Four days after her grandfather passed away, Israel-based Natasha Kirtchuk, an ILTV Channel news anchor and recent Duke alumna, went back to work to try to take her mind off her grief. 

Business seemed as usual. 

Kirtchuk, Trinity '14, was tasked with covering a Jan. 15, 2017 story about a pendant found in Sobidor death camp in Nazi-occupied Poland that looked just like that of Holocaust diarist Anne Frank. Researchers concluded the pendant—engraved with “Mazel Tov,” or “good luck” in Hebrew—belonged to Karoline Cohn, a teenager who was killed in the Holocaust. Experts now wonder if the Cohn and Frank were linked. 

Then one phone call changed everything.

It turns out Kirtchuk was reporting on her own relative—Cohn was her grandfather’s first cousin. “Armchair genealogist” Chaim Motzen saw the story and found Cohn’s family, so he called Kirtchuk and more than 100 others to notify them. Kirtchuk knew she had German-Jewish heritage, but didn’t know much about her family because her grandfather had a tough upbringing and didn’t talk much about it. 

“I was shocked. I couldn’t believe it. It’s not something that happens to a human being,” Kirtchuk said. “I knew that I had German roots, especially on my mother’s side, but I didn’t really understand the extent of my German-Jewish identity until I got that phone call.”

Motzen, who contacted Cohn's family about the pendant, wasn’t just a random viewer. A Nobel Peace Prize nominee for bringing solar energy to Rwanda, Motzen’s grandparents were Holocaust survivors. His grandmother lost all photos of his grandfather in the Holocaust, and asked Motzen to find a picture, which is how he learned to trace genealogy—something he now pursues in his spare time. 

His work ended up bringing together an entire family that Kirtchuk never knew existed. Nearly 30 of the family members came together in a reunion in Frankfurt, Germany, where Cohn lived before she was sent to the concentration camp. 

Some of the family members didn’t even know they were Jewish until they got Motzen’s phone call—one was raised Christian and even became a pastor. Another lived in the same neighborhood as Kirtchuk, unbeknownst to both of them.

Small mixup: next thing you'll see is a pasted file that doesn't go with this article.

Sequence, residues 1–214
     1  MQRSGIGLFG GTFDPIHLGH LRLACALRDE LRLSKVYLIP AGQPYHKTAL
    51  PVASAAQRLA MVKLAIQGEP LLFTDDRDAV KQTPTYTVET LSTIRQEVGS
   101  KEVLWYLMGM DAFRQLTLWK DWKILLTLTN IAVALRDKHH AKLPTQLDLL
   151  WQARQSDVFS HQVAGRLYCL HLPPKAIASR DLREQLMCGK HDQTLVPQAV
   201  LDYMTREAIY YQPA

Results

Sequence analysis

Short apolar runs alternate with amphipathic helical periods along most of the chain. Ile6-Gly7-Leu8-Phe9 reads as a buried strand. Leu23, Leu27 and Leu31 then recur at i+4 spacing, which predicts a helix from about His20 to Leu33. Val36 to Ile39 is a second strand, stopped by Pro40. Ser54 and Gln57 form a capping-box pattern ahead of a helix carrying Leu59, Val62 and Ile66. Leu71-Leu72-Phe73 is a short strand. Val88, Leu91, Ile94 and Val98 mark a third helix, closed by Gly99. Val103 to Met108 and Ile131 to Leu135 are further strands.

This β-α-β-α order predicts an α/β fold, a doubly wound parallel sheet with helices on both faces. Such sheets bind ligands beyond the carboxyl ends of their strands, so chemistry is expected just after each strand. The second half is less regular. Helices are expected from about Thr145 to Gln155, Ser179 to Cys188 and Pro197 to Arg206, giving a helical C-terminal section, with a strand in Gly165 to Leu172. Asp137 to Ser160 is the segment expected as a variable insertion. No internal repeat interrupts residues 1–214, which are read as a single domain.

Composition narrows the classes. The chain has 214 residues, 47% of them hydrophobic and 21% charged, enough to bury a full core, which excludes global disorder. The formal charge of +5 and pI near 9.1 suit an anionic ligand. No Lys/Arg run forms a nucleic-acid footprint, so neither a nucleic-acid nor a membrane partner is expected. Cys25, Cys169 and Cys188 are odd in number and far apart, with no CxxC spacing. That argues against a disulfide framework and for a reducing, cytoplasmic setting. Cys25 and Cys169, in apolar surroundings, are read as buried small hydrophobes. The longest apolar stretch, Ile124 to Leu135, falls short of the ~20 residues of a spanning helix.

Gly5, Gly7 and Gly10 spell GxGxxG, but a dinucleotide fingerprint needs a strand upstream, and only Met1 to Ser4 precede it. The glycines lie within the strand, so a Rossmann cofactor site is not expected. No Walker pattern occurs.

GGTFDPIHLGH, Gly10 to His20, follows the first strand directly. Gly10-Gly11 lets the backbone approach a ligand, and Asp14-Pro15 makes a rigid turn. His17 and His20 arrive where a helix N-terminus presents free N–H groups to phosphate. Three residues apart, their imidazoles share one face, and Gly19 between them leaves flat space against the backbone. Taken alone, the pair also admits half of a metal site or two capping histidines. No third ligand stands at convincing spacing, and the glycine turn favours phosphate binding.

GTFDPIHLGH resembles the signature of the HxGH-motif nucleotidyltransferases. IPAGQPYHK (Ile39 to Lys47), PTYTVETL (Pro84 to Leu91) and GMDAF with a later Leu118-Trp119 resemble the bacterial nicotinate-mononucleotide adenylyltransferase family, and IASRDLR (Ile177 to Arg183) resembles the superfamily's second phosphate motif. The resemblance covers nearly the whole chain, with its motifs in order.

“She took control in the last few minutes of her life,” Kirtchuk said in a video documenting her experience. “She left her pendant to unite her family.”

At the reunion, Kirtchuk also met her grandfather’s third cousin, Holocaust survivor Ernie Heineman, with whom she felt a special bond. 

“In many senses, I connected the most with Ernie, because he was grandfather’s age and I was raw with emotion after grandfather’s passing,” Kirtchuk said. “It was interesting to meet someone who was my grandfather’s age but had such a different life experience simply because his family hadn’t gotten out of Germany in time. It was really touching to be able to see what could have been for the rest of my family.” 

During the reunion, the family also visited the last home Cohn lived in voluntarily in Frankfurt before she was sent to the concentration camp and paid their respects. The entire experience helped strengthen Kirtchuk’s German-Jewish identity and gave her a great new family, she said. 

“The people that I met I will probably be in contact with the rest of my life,” Kirtchuk said. “I had an immediate connection with everyone I met there. It was very surreal but there was an actual family connection, which is weird to stay. It will be long-lasting.”

Kirtchuk had always been connected to her Jewish identity—she was born in Israel before moving to Argentina. She came back to Israel for six months after high school to do volunteer work before coming to Duke, where she graduated from in 2014 with a Program II degree in a combination of public policy and political science. She worked for WRAL and Fox 5 before returning to Israel in 2015 to anchor ILTV's "Israel Daily" newscast. 

“People like to view Israel as a political issue, but for me, it has always been a home,” Kirtchuk said. “I grew up coming here every year as a child to visit [family]. Israel to me was the beach, ice cream, and parks—normal things in your everyday life. I wasn’t moving here for political reason or to make a point about anything. This story further strengthened my Israeli identity because despite all the political conflict that takes place, there is a need for a state for the Jewish people. My family’s story is a prime example of that.”